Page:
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Update on Unavailability of U.S. Bankruptcy Relief for Some Offshore Hedge Funds


On January 16, 2008, two developments took place regarding the recognition of foreign insolvency proceedings in U.S. Bankruptcy Courts under Chapter 15. First, Judge Robert W. Sweet of the U.S. District Court for the Southern District of New York heard oral argument in the appeal of Judge Burton R. Lifland’s Amended Decision and Order Denying Recognition of Foreign Proceeding in In re Bear Stearns High-Grade Structured Credit Strategies Master Fund, Ltd., et al., Bankr. Case Nos. 07-12383 and 07-12384, Dist. Case Nos. 1:07-cv-08730 and 1:07-cv-08746.

The principal issue on appeal is whether a company whose operations and assets are located primarily in the U.S. can undergo bankruptcy reorganization or liquidation primarily in a foreign court. During oral argument, the attorney for the hedge funds agreed with Judge Sweet that Judge Lifland is a “whiz” when it comes to cross-border bankruptcies. (As we indicated in an earlier alert [U.S. Bankruptcy Relief Blocked For Some Offshore Hedge Funds], Judge Lifland was a co-author of both the Model Law on Cross-Border Insolvency and Chapter 15 of the Bankruptcy Code.) Judge Sweet gave no indication as to how he will rule or when he will render a decision. However, an attorney for the hedge funds said after the hearing that he does not expect a decision before July.

Second, Judge Robert E. Gerber of the U.S. Bankruptcy Court for the Southern District of New York denied a motion for summary judgment by the liquidators of a Cayman Islands hedge fund. See In re Basis Yield Alpha Fund (Master), Case No. 07-12762, Decision and Order on Motion for Summary Judgment Seeking Recognition as Foreign Main Proceeding, dated January 16, 2008, ECF 37, The liquidators sought summary judgment on their Chapter 15 petition seeking recognition in the U.S. of the hedge fund’s liquidation in the Cayman Islands as a foreign main proceeding.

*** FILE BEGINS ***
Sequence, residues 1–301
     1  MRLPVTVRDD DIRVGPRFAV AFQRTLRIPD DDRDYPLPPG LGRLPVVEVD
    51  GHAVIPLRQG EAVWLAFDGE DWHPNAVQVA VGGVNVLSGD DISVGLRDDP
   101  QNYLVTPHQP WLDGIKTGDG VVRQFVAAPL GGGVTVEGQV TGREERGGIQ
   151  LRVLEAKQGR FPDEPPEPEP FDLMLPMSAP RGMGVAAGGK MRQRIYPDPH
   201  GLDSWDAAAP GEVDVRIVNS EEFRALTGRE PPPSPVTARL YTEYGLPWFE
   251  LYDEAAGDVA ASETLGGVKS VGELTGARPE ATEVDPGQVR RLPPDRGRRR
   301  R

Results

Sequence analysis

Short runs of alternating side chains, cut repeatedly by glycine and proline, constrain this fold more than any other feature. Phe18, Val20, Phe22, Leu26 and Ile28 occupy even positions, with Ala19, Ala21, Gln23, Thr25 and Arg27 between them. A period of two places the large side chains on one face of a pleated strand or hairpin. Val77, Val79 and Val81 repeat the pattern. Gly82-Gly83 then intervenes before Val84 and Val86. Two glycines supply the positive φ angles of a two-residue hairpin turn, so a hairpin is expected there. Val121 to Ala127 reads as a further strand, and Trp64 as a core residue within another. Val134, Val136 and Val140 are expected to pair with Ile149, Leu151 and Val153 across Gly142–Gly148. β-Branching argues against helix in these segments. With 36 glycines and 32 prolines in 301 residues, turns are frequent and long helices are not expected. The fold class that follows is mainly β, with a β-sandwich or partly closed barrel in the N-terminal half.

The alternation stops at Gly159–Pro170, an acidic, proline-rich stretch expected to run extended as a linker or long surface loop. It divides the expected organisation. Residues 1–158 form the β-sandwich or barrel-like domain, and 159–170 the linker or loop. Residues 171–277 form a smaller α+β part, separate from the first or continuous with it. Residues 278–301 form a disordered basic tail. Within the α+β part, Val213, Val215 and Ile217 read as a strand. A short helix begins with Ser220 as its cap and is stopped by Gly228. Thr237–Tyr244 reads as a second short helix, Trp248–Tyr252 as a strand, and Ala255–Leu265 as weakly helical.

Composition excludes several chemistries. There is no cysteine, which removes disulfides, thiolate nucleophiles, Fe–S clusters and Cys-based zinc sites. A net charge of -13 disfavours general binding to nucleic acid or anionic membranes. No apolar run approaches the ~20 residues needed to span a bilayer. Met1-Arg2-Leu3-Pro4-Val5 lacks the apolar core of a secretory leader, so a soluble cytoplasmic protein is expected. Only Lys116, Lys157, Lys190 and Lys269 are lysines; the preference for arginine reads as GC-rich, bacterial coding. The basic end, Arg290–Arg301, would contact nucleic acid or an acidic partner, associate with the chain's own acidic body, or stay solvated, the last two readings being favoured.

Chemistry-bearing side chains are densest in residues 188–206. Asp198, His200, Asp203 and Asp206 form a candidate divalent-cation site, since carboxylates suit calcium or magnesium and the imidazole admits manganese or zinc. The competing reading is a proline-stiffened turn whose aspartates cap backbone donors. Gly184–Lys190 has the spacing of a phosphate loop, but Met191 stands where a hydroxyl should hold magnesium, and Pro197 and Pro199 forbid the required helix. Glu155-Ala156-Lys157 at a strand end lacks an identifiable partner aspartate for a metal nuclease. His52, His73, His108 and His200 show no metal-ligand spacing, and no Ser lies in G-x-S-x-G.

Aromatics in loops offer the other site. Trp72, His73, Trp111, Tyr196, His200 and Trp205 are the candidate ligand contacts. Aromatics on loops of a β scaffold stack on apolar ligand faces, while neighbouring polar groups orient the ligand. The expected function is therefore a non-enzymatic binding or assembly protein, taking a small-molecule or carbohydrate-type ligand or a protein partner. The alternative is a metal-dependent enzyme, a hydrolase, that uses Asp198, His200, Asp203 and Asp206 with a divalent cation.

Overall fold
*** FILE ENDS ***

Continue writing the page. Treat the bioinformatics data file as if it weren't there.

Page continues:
Earlier in the case, and shortly after Judge Lifland issued his ruling in the Bear Stearns cases, Judge Gerber issued an Order requiring the liquidators to submit all evidence relevant to the determination of the location of Basis Yield’s COMI. See In re Basis Yield Alpha Fund (Master), Case No. 07-12762, Order Re Upcoming Hearing on Motion for Recognition, dated September 12, 2007, ECF 16, The attorneys for the liquidators opted instead to seek summary judgment, arguing that because no parties in interest had objected to recognition, the Court must accept the presumption in Section 1516(c) that the location of Basis Yield’s center of main interests (COMI) was the same as the location of its registration. Relying heavily on Judge Lifland’s analysis in Bear Stearns, Judge Gerber rejected this contention, finding that an independent determination by the Court was required by Section 1517. The Court found summary judgment inappropriate because the hedge fund was an “exempted company” under Section 193 of the Caymans Companies Law, which requires that the company’s principal place of business be outside the Cayman Islands. As a result, the Court declined to use the presumption of Section 1516(c) because the Chapter 15 petition contradicted the presumption and the liquidators failed to introduce any other evidence. The Court reinstated its earlier order requiring the liquidators to submit relevant evidence in advance of an evidentiary hearing on their petition for recognition.

We will continue to monitor these cases and provide updates as future decisions are rendered.

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